NASA’s Kepler planet-searching spacecraft is stable and out of emergency mode, officials said Monday, and the observatory is downlinking data to help engineers determine what caused it to suspend science operations last week.
“On Sunday morning, the spacecraft reached a stable state with the communication antenna pointed toward Earth, enabling telemetry and historical event data to be downloaded to the ground,” Charlie Sobeck, Kepler’s mission manager at NASA’s Ames Research Center, wrote in an update.
The spacecraft is operating in its most fuel-efficient mode, Sobeck added. Kepler burned its finite fuel supply at a faster rate than normal when the craft defaulted to emergency mode last week.
The planet-hunting telescope has not resumed science observations.
“Once data is on the ground, the team will thoroughly assess all on board systems to ensure the spacecraft is healthy enough to return to science mode and begin the K2 mission’s microlensing observing campaign, called Campaign 9,” Sobeck wrote. “This checkout is anticipated to continue through the week.”
Launched in March 2009, Kepler is now in an extended mission dubbed K2. The observatory completed its main mission in 2013.
During the extended observation campaign, Kepler points its telescope and sharp-eyed 95-megapixel camera toward a different part of the sky every few months. The observatory finished its last observations March 23 and was about to aim its imager toward the center of the Milky Way galaxy when it went into emergency mode last week.
Sobeck said the spacecraft entered emergency mode about 14 hours before it was supposed to flip around for the next science campaign, which is focused on searching for rogue planets — dark worlds careening through the galaxy without orbiting a star.
Ground telescopes are part of the rogue planet survey, and Earth-based astronomers have started their observations. Kepler has until July 1 to join the hunt, when the center of the galaxy moves out of the telescope’s field-of-view, Sobeck said.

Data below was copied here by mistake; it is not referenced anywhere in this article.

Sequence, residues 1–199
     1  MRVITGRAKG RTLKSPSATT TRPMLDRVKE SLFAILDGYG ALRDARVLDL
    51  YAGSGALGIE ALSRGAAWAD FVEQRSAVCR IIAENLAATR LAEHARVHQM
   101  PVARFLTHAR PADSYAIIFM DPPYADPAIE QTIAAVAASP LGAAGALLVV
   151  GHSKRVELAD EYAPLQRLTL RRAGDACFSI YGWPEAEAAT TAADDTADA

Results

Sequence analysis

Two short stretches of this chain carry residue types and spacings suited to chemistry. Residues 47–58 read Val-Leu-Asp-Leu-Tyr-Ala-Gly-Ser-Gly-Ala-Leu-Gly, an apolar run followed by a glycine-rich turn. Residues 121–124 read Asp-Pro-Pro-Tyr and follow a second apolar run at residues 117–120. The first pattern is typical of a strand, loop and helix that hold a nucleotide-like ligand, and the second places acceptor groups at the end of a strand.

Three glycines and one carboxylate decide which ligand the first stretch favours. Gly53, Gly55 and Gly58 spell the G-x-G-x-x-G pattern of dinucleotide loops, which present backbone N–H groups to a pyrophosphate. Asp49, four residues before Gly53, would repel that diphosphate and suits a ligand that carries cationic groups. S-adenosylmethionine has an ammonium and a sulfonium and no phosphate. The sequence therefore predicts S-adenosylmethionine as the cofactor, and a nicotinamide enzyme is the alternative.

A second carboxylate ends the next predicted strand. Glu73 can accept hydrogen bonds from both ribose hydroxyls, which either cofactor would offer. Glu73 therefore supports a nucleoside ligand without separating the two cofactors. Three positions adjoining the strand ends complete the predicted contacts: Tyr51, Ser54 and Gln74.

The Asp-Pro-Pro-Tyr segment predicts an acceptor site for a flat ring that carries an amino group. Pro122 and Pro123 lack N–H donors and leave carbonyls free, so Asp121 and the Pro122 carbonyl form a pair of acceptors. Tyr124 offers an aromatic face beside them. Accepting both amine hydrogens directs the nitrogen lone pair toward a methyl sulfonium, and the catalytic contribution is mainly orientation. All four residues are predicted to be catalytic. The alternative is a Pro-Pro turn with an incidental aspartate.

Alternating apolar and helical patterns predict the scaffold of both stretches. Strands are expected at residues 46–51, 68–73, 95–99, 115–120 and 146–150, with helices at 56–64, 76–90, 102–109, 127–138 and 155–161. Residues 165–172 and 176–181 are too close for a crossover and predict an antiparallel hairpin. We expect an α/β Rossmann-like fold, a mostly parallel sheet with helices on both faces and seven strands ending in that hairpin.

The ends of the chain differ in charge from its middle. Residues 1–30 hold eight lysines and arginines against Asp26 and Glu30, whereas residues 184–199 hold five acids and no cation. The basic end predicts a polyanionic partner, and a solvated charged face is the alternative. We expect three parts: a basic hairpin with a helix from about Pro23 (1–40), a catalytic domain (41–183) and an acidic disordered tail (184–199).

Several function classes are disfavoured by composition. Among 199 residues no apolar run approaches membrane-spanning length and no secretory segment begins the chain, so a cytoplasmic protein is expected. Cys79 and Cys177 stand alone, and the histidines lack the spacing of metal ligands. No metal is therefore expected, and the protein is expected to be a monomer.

Engineers have ruled out Kepler’s troublesome reaction wheels as the cause of last week’s glitch. The spacecraft is operating on two of its four reaction wheels, devices which allow the telescope to precisely point toward astronomical targets.
Managers changed Kepler’s observation scheme after the second reaction wheel failure in 2013. Officials previously said another lost reaction wheel would likely mean the end of Kepler’s science mission due to degraded pointing capability.
The spacecraft’s stability is critical for its camera to resolve the tiny dips in light that could indicate the presence of a planet around another star.
“An investigation into what caused the event will be pursued in parallel, with a priority on returning the spacecraft to science operations,” Sobeck wrote.
Mission controllers at the University of Colorado’s Laboratory for Atmospheric and Space Physics requested priority time on NASA’s Deep Space Network, a global array of communications antennas, to restore Kepler to normal operations.
Kepler is currently about 75 million miles from Earth in an orbit around the sun.
“It was the quick response and determination of the engineers throughout the weekend that led to the recovery,” Sobeck wrote.
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